(Updated)

Indonesia expects to exit recession in 2Q with GDP seen up over 7%

Indonesia expects to exit recession in 2Q with GDP seen up over 7%
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JAKARTA (March 23): Indonesia's economy is on course to emerge from a pandemic-induced recession in the second quarter (2Q), with gross domestic product (GDP) seen growing by more than 7% from a year earlier, government officials said on Tuesday.

Southeast Asia's largest economy suffered its first recession in over two decades last year, posting negative growth in each quarter from April to June 2020 as the country battled with one of the worst Covid-19 outbreaks in Asia.

GDP contracted 2.1% in 2020 and the government sees a rebound this year to a growth range of 4.5% to 5.3%.

Based on February data, GDP was set to contract 1.0% to 0.1% year-on-year in 1Q, an improvement from a 2.2% 4Q contraction on rising consumption, Finance Minister Sri Mulyani Indrawati told a virtual briefing, adding a coronavirus vaccine roll-out would also help the economy.

Fiscal policy office head, Febrio Kacaribu, said the economy hit its lowest point in 2Q of 2020 so it should show a significant improvement in the next quarter.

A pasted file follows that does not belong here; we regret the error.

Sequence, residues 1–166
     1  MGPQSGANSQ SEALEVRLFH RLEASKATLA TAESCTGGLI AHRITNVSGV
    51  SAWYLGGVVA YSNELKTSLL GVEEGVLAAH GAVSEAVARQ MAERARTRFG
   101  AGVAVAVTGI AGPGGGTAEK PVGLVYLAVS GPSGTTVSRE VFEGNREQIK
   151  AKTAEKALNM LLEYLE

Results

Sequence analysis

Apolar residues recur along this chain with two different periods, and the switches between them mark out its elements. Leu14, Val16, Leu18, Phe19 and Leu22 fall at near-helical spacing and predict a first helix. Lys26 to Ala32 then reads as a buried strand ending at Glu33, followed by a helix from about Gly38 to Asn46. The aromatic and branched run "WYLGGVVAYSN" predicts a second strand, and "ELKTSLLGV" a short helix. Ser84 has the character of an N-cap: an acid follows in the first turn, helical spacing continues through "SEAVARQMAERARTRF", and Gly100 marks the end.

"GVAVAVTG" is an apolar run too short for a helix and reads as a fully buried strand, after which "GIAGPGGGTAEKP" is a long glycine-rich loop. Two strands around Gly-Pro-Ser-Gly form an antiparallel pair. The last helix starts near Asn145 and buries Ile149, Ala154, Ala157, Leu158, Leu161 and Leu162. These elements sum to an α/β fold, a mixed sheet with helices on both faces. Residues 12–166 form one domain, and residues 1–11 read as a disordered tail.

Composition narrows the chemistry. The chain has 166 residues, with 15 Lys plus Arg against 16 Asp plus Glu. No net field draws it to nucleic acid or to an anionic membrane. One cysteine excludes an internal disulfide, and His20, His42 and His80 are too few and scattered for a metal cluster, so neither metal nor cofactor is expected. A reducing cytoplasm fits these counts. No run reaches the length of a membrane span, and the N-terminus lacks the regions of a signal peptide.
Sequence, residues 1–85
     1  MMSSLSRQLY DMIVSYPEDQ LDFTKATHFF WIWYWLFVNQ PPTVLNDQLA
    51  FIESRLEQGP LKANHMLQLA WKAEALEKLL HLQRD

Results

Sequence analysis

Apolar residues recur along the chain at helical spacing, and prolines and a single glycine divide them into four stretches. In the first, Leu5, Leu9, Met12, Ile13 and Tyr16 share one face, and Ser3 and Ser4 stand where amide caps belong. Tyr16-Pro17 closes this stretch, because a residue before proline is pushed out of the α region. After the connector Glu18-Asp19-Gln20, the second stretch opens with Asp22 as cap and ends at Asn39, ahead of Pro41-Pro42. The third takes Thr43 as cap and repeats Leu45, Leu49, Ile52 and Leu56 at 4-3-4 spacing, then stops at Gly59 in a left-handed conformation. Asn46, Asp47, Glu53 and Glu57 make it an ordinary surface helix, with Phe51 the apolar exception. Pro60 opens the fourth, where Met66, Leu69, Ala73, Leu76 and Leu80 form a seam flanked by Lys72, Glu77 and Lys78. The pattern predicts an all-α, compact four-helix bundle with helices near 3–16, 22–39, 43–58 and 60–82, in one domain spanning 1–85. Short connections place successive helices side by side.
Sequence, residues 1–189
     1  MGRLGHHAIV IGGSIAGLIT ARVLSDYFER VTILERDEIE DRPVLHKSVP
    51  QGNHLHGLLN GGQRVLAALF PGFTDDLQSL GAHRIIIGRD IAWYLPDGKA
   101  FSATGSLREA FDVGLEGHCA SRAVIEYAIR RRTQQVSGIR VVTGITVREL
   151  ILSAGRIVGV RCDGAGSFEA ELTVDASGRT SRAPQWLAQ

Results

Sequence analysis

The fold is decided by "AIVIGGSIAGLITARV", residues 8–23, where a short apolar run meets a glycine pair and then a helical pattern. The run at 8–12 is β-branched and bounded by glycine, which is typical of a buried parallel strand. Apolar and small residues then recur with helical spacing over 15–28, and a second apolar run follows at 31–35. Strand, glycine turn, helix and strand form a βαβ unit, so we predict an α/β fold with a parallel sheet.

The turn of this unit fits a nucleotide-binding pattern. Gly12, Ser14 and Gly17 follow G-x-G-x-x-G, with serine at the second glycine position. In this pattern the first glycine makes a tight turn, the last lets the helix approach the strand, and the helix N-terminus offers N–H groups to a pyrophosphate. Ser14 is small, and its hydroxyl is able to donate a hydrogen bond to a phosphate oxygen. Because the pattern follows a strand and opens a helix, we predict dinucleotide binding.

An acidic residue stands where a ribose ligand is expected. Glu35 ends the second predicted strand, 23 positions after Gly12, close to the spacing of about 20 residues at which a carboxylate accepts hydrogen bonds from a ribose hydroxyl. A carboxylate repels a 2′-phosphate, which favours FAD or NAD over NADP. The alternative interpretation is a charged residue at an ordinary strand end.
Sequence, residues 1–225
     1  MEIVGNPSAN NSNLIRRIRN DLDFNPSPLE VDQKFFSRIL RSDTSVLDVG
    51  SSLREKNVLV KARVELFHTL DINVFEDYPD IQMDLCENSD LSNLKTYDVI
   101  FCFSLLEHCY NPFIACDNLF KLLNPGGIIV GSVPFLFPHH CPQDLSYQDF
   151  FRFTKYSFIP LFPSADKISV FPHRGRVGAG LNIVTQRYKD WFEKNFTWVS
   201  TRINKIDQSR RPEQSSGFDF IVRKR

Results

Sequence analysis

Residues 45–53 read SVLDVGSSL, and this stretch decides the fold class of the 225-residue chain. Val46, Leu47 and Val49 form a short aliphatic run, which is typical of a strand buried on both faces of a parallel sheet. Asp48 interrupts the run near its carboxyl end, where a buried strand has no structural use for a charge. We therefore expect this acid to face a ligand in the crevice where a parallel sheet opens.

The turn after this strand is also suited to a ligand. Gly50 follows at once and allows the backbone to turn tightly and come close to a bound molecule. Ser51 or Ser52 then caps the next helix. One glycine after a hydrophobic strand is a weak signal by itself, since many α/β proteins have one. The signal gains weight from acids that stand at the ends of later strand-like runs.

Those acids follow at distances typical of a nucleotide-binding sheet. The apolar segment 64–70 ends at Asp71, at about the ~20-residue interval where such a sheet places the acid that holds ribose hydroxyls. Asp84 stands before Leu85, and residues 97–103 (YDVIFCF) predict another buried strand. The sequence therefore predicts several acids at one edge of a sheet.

"Our latest calculation shows growth can reach more than 7% year-on-year," he told the same briefing.

DBS economist Radhika Rao said economic activity in 1Q remained sluggish but should improve thereafter, aided by a "moderating (Covid-19) case count, a timely vaccination roll-out, easy financial conditions, and a commodity price upcycle", even without further interest rate cuts.

Bank Indonesia has cut rates by a cumulative 150 basis points since the start of the pandemic.

January-February state revenue rose 0.7% from a year ago, while spending increased 1.2%, with a tentative fiscal deficit of 0.36% of GDP, ministry data showed.

Tax revenue was down 4.8%, but a rise in value added tax payments last month signalled a recovery in consumption.

Indonesia has issued 271.4 trillion rupiah (US$18.8 billion) of bonds, excluding buy-backs and short-term treasury bills. The central bank has bought 73.88 trillion rupiah as a standby buyer during debt auctions.

Sri Mulyani said the government will be vigilant about potential capital outflows amid global market volatility.

Fitch Ratings on Monday affirmed Indonesia's credit ratings with a stable outlook, predicting GDP growth of 5.3% this year and 6% in 2022, while noting Indonesia was more vulnerable than many peers to shifts in investor confidence towards emerging markets.